Likewise, Vera emphasized how the main discourse about environmentalism at CC is to reduce the carbon footprint, which seems abstract. “The Stop Line 3 campaign allows students to directly and tangibly engage with diminishing the carbon footprint and dependence on fossil fuels, while also working towards safeguarding and increasing human rights,” she said.
Quiroz has been involved with the movement since the initial proposal, as they are from St. Paul, Minn. and are Indigenous. Their community, friends, and they themselves, have been on the frontlines.
Quiroz wanted to bring awareness to this issue and organize at CC due to their passion about the issue, the general lack of awareness of Line 3 in Colorado, and how it is affecting their community directly. However, while the organizing has been rewarding, Quiroz mentioned that it has been challenging.
“Knowing that my family and friends are up there [in Minnesota] and are being directly impacted, whereas I am here in Colorado Springs even more protected has been a little heavy on my heart,” Quiroz said. “I am so used to being there with my community and being there on the frontlines with them. I also wanted to bring greater attention to the anti-pipeline movement and Water Is Life movement.”
Over the past two months, the three groups have worked to inform CC students about the issue through informational workshops. Beyond knowledge-sharing, the organizers also led a rally on Monday, where students met on Tava Quad and marched downtown to Chase Bank, one of the biggest funders of Line 3 and fossil fuel projects in general. Over the last three years, Chase has contributed $317 billion to fossil fuel projects and $1.8 billion to the Line 3 pipeline, according to Quiroz.
The rally, in which several CC students and locally-based water protectors spoke, sang, and recited poetry, aimed to demonstrate how students’ money is used directly and indirectly towards fossil fuels projects, connected to a larger movement called Stop the Money Pipeline.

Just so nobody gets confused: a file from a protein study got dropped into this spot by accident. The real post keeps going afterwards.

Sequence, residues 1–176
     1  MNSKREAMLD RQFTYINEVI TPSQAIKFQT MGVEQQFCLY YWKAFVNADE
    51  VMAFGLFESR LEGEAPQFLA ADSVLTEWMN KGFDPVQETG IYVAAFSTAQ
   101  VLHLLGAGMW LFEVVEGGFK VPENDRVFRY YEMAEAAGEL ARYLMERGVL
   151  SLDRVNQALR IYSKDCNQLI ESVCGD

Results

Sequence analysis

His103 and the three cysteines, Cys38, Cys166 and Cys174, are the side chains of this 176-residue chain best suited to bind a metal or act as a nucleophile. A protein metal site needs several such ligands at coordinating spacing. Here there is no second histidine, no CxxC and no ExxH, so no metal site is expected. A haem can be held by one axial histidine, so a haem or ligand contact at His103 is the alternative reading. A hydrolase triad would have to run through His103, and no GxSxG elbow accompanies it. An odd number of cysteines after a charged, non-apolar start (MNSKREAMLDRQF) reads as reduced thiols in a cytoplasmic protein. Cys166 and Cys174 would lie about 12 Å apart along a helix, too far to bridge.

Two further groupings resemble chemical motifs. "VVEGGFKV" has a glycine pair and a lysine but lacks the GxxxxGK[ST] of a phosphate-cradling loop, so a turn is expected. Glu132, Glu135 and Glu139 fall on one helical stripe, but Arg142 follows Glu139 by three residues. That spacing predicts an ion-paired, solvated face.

The organizers hope to not only hold Chase Bank accountable through sending letters and emails and making phone calls to the CEO to demand divestment from Line 3, but they also hope to encourage CC students to transition from large banks, such as Chase, Bank of America, Wells Fargo, and Citigroup to name a few, that fund Line 3.
The rally speakers, passionate yet solemn, brought attention to how the Line 3 project is a part of the ongoing subjugation of women’s bodies and Indigenous knowledge by powerful corporations and the state.
In the future, the group hopes to create pamphlets and host workshops to ensure that CC students and their families and friends are aware of alternative banking options and can transition safely, a project that the research team within the Sunrise Movement has been working on. They also hope that the informational sessions encourage students to be more willing to donate to water protector bail funds circulating on social media and organizations such as Stop Line 3, Missing and Murdered Indigenous Women USA, Stop the Money Pipeline, and Drop the Charges.
While Vera and Quiroz acknowledged that it can be difficult to engage with activism work while on the Block Plan, they emphasized that it can be done.
“If you are passionate about something, go for it. I guarantee there are others who are also doing the work or who want to get involved,” Quiroz said. “If you don’t know where to start, feel free to reach out to me (NASU), the Sunrise Movement, or the Environment and Ecology Coalition.”
Be on the lookout for more workshops and events for the Stop Line 3 campaign. Feel free to reach out to NASU (specifically Atquetzali Quiroz, at email@example.com), the Sunrise Movement (specifically Rosalee Bayer, at firstname.lastname@example.org), and the Environment and Ecology Coalition (specifically Anna Vera, at email@example.com), to get involved.
“Every little bit of action is important, like a grain of sand piling up,” said Vera. Through the collective actions of individuals and groups who care, each grain of sand can be put forth to build a powerful fortress; ready to defend, unite, and liberate.